Hardships take their toll on the Turners, young and old, in the form of addictions. The alcoholic patriarch, Francis, and his successor, Cha-Cha, are both beset by haints—the manifestation of an indefinable malaise, the awful burden of familial responsibility. Lelah, the youngest, takes to gambling as a way of escaping worry, her mind going blank as she moves chips around the table. Almost everyone in the novel behaves badly without losing our sympathy, and ultimately wins some measure of redemption. I’m hardly a sucker for happy endings (I wrote a biography of Richard Yates, after all), but, eliding the particulars, I like the happy-ish ending of A Turner House—a flashback to the day they moved into the big house on Yarrow: “[Viola] did a short, celebratory dance in the hallway upstairs. Francis lingered on the porch with little Francey in his arms. He smiled down at his daughter. He allowed himself to hope.”

As for A Little Life, well, I won’t spoil it for readers who persevere, and anyway the fun is in getting there. Suffice it to say that Willem and Jude discover their love for each other in middle age (though Willem was previously straight), and appear to be headed for a blissful sunset until the big Sophoclean finale. Garth Greenwell, writing in the Atlantic, embraces the book’s grotesqueries and even suggests that it may be “The Great Gay Novel”: “It engages with aesthetic modes long coded as queer: melodrama, sentimental fiction, grand opera.” I would venture to say that the pomp of grand opera is one thing, to be viewed with binoculars as it were, and the nuances of literary fiction another. Florid melodrama in the latter is usually called kitsch.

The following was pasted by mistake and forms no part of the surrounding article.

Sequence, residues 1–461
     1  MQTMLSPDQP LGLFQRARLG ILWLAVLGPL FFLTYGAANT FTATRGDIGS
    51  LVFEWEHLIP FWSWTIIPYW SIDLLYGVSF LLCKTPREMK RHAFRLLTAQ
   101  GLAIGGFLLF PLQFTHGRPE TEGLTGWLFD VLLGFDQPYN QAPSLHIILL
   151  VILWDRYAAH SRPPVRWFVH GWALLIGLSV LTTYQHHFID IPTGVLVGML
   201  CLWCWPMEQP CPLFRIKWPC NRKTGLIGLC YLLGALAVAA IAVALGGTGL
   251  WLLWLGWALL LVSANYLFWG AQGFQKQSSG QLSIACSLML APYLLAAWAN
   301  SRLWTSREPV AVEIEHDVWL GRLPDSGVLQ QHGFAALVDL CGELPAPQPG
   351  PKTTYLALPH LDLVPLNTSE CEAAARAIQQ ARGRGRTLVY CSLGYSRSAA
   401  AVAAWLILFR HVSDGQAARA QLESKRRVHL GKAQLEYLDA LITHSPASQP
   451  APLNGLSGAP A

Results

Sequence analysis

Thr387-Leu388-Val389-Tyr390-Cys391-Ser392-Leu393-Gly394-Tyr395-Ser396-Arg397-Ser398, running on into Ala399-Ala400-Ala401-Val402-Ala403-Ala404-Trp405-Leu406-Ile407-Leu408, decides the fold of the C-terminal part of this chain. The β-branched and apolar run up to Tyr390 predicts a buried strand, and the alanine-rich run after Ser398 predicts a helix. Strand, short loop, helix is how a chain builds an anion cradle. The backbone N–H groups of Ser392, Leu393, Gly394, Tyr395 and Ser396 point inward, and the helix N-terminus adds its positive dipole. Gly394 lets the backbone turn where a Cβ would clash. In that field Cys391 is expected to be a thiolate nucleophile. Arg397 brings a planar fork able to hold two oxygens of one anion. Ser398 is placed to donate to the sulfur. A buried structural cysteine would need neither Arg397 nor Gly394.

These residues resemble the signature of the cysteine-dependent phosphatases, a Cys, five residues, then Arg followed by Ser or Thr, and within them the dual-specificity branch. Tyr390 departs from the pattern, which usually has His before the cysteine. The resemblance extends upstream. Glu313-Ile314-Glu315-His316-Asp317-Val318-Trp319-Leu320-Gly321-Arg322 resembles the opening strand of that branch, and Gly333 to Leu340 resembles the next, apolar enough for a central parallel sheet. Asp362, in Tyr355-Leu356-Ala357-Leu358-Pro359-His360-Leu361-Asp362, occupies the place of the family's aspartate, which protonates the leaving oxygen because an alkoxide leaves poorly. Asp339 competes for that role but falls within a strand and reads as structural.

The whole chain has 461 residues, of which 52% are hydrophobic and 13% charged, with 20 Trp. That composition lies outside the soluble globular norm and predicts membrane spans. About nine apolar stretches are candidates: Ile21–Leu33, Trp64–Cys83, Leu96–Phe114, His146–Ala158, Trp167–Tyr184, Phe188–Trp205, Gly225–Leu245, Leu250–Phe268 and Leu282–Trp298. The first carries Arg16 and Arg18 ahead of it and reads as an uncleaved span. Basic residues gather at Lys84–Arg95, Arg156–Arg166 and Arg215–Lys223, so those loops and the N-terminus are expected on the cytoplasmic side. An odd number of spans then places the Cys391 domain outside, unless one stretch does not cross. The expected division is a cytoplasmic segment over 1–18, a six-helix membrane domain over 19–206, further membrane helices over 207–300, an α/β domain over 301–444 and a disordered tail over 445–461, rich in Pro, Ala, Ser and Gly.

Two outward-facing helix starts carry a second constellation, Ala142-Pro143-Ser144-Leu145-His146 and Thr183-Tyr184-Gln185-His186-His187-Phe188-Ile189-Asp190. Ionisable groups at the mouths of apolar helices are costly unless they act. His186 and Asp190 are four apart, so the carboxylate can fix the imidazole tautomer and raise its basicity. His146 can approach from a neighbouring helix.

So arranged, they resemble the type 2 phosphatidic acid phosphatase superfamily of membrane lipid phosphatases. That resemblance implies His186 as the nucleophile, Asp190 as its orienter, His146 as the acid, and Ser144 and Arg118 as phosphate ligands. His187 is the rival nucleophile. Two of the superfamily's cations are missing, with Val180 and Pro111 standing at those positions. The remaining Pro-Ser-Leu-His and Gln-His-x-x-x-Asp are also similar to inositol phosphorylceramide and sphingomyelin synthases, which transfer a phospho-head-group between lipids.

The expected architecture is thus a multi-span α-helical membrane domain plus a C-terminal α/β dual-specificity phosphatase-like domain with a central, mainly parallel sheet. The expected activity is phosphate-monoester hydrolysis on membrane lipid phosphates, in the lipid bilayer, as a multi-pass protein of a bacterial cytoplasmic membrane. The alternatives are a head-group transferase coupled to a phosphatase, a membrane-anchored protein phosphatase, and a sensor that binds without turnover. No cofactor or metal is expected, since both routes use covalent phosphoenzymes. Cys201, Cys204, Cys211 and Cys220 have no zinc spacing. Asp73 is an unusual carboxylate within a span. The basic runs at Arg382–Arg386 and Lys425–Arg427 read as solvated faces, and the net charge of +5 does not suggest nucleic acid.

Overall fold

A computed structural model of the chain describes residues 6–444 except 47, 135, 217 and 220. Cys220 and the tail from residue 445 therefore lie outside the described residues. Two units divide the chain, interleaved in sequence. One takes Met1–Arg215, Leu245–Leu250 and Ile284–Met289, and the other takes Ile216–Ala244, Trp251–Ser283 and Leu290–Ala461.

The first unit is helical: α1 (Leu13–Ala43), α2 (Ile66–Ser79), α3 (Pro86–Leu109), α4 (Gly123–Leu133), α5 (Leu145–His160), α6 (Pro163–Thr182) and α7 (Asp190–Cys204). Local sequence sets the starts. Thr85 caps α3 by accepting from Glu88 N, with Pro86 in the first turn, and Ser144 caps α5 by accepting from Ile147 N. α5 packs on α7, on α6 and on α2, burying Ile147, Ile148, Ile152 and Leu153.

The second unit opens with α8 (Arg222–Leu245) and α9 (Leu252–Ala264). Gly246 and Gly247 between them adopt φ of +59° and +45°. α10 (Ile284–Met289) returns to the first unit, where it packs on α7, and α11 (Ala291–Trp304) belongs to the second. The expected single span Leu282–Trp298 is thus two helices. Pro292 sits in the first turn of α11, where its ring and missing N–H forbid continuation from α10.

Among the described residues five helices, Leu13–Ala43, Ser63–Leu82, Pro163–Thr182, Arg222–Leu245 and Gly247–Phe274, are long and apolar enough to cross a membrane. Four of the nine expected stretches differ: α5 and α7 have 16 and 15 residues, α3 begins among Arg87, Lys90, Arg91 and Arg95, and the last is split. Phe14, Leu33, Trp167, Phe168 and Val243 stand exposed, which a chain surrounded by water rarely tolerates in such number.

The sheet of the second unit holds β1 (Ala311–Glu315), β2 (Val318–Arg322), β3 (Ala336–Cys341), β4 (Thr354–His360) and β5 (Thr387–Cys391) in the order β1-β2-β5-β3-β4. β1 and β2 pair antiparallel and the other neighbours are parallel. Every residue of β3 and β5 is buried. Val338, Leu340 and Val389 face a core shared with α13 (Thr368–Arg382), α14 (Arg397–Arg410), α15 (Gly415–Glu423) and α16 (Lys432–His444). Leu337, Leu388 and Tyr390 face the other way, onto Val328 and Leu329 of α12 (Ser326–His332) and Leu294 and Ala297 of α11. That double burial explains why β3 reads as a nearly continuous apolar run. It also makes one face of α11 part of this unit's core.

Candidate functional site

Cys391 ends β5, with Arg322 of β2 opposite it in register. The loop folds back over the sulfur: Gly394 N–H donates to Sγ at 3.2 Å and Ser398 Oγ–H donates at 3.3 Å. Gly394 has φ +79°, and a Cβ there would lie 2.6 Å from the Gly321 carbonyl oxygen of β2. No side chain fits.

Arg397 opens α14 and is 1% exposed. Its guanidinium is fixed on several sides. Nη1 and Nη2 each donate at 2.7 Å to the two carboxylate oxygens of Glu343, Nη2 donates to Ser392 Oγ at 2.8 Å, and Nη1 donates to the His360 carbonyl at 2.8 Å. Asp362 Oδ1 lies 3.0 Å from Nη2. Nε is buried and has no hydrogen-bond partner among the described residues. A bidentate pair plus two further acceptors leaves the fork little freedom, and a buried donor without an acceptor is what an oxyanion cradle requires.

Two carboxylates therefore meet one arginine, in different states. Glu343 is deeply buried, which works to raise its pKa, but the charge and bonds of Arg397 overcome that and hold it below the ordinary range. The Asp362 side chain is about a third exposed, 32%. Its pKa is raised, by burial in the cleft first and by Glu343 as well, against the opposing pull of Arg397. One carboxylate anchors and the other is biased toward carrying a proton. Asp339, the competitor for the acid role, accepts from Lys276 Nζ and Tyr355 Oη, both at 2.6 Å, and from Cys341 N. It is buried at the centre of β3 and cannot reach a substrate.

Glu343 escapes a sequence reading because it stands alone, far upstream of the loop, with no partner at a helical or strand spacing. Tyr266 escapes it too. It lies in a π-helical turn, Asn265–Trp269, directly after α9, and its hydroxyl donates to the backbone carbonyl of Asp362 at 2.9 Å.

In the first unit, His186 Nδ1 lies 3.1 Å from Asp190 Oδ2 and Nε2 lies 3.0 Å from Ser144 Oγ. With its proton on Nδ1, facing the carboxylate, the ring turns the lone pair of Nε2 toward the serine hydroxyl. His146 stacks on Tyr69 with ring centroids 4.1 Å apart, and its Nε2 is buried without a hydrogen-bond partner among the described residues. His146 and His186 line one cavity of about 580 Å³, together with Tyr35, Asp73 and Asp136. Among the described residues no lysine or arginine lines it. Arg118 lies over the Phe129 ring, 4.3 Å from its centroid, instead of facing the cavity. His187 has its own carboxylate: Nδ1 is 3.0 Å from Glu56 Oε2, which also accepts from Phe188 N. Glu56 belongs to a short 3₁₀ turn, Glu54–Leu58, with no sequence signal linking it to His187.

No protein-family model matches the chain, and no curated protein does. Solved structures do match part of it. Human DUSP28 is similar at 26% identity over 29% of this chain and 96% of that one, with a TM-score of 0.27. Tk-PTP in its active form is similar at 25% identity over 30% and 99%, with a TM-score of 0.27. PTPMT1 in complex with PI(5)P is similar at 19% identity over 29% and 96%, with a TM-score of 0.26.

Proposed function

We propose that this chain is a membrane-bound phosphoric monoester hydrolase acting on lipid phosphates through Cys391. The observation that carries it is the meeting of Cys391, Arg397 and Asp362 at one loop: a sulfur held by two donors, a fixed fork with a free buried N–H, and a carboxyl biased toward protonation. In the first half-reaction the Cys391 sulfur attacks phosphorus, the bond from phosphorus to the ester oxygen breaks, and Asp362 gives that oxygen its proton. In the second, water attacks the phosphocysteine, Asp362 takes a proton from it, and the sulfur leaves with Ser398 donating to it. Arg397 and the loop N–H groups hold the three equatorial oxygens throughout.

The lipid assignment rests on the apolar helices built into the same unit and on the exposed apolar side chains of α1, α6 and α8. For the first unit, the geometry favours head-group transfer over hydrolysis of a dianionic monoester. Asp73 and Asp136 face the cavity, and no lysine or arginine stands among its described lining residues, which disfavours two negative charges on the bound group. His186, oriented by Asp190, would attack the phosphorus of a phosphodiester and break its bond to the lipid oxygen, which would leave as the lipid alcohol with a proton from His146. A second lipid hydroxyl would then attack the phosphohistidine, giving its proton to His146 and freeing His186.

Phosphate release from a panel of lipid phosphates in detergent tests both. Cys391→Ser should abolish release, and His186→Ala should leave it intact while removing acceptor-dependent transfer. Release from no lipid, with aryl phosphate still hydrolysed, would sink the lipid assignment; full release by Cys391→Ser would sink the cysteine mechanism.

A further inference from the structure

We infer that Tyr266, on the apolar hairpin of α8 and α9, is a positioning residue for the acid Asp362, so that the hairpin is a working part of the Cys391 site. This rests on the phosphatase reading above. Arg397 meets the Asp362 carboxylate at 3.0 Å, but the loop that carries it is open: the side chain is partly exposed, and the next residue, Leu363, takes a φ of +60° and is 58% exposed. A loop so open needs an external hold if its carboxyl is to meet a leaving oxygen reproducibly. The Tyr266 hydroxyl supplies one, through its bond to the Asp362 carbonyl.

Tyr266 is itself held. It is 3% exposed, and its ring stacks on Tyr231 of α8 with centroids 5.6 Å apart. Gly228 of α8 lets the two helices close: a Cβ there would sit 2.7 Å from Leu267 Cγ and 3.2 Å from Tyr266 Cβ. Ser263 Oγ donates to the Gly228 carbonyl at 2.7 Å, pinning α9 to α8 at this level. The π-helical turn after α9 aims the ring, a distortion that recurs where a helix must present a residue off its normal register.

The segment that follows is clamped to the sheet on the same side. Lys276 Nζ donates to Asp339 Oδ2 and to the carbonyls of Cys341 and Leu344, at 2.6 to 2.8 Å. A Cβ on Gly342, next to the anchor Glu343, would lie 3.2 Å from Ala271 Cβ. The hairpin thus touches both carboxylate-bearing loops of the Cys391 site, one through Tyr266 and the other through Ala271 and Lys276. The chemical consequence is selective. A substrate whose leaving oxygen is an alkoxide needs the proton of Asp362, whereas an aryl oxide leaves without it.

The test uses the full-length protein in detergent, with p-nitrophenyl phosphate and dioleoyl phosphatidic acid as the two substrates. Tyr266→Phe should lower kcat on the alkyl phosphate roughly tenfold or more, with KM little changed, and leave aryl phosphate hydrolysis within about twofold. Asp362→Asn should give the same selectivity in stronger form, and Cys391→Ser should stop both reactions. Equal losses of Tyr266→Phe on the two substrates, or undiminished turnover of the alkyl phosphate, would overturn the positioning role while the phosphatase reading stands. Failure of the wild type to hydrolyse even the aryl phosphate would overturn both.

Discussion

The Turner House by a mile.

TODAY’S WINNER: The Turner House

Match Commentary

By Kevin Guilfoile & John Warner

John: By the end of Judge Bailey’s critique of A Little Life, I wanted to say, “Well, if you put it that way—” and disavow any of my previous praise, even as someone on the more skeptical end of the spectrum when it comes to the novel.